Well, going "interest-led" and "goal oriented" didn't take more or less time than my work-book driven methods of old. The kids seemed to run between 2-4 hours each day (some days were long, some were short). I'm not sure if more was learned, or less (yet), but it was definitely less stressful. I felt like I could take one thing, one person, at a time, without the entire world crumbling around me. That was nice! So here is what we accomplished:
In Math, she learned how to calculate Surface Area, tackled Problem Solving using volume and area, was introduced to World Time Zones, practiced 2-step story problem solving, and took a test. She scored her own test, but it appears she did well in everything except...(wait for it)...Metric System. Yeah. Dead horse. Whip. LOL. I'm sure if the book presented this blessed topic every day, she'd know it really well. But as it is, our spiralling math doesn't seem to spiral the metric system as much as it needs to. So maybe it isn't important.
We worked on writing good, descriptive sentences, and built up to writing one good, solid paragraph. She can write a paragraph pretty easily, especially if the information is coming straight from her brain. She worked on those lowercase b's and d's, and starting sentences with a capital letter. It's amazing the things she can do when she's given the right motivation. Our goal was 70 points, which earns her a McD sandwich from the dollar menu. She earned those points by Thursday:) Next week, we'll work on pre-planning and ORGANIZATION of paragraphs, which I know she is going to hate me for...
She is doing just fine in cursive handwriting, but looking at her work now, I realize she was getting sloppy and downright lazy (she printed one of her answers, can you believe it?) So I'll have to stay on top of that next week.
Science didn't go so well. Or, it did, because she already knew the principles behind the things we were trying to prove. I feel like we've "been there, done that" with just about every elementary level science experiment, and we need something more challenging. Hmmmm. How do you do a challenging Jr. High level science with ONLY hands-on labs???
History...She enjoyed the Felicity book (1774) much better than previous history books ("enjoy" is such a strong word, and one that I inferred from our conversation when she said, "well, it was better than our last history book" yeah). She wasn't too enthused about the crafts, though. She read about 4 pages per day.
For Reading, she's reading all things by Gail Carson Levine (Ella Enchanted, Fairest). She's reading the fairy tale books, but it's a quick read. Time to find something else, and quick!
For Bible, she read the first 4 chapters of Matthew.
She did her Photography and Art assignments for co-op. She practiced Piano.
Cooking: we tried to make French Cream Puffs from the International Cookbook for Kids, but we ended up with a big liquid goop, which was clearly not a puff. So, we dumped in 4xs the amt of flour, and ended up with English scones, instead.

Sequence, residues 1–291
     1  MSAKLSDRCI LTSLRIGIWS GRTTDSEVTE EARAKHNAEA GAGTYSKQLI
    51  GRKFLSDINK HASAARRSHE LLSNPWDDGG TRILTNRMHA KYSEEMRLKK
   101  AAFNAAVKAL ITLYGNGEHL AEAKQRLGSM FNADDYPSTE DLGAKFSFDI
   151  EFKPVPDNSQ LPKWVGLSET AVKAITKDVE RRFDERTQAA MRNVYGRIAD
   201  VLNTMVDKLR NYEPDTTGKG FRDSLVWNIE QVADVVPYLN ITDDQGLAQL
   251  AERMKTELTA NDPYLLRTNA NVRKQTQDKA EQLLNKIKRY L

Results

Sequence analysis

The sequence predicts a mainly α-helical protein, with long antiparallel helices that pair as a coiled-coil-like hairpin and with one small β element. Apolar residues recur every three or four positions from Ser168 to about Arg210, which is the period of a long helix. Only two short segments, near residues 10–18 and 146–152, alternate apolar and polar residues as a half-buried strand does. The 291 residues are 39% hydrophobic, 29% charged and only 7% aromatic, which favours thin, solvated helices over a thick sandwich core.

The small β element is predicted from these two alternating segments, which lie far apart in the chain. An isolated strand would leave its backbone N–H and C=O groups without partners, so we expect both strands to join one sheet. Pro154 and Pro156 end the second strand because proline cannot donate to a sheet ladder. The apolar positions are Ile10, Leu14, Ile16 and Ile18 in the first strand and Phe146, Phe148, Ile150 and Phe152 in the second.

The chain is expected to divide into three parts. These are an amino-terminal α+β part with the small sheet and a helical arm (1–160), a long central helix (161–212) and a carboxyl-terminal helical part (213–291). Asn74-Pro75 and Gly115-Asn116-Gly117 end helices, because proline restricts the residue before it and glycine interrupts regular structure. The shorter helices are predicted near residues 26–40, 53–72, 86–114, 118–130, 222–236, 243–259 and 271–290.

Math taught Symmetry, Circles, 3D Shapes, Perimeter, and Area. She wrote approx 1500 words in her novel :) She did the same pages for Handwriting as her big sis.
Science: she read and journaled about gorillas, eagles, and a few other animals.
Geography: she found Brazil and surrounding countries on the map. She read about the Ameri Indians, and wrote about the mistreated people there. We're having trouble finding recipes. I think they eat a lot of fish, and odd (hard to find) items. She is trying to learn a few phrases in Portugeuse.
Reading: her book of choice is Mockingjay. She is also reading some of the Gail Carson Levine books (she tends to read more than one book at a time, lol).
Bible: she began AWANA and finished 4 sections on Wednesday night.
Piano: she mastered that tricky Moonlight song that *I* can't even play (she has it memorized), and I helped her through the Rock Song, which now she plays very well.
|Z on the couch - not feeling good and reading a book. She actually smiled for this photo, but I think I pushed the button a second too late!|
Our B4FIAR theme this week was Blueberries for Sal. I drew up a list of activities to do for the week. A & I both worked through the list of activities with G, and this was a very good thing to do. Some of our activities:
Nature walk, studied deer foot prints, gathered colored leaves.
Dropped popcorn kernels into a metal pan to imitate the "kerplink, kerplank, kerplunk" from the storybook.
Dropped kernels into the pan with eyes closed, attempting to count the kerplinks.
Attempted to make a cave diorama with animals inside - this was a flop
Science: categorizing creatures into different categories. I printed animal silhouettes, cut them out, and then we sorted them into Fish, Bug, Animal, and Bird groups.
Made our own gymnastics class (A did this with her)
Worked on her Bible verses for Cubbies - also attended her first night of Cubbies!
She also went to Library Storytime (theme: Colors)
We worked a bit on flashcards, too (5 names of family members)
|G is sorting animals into different categories|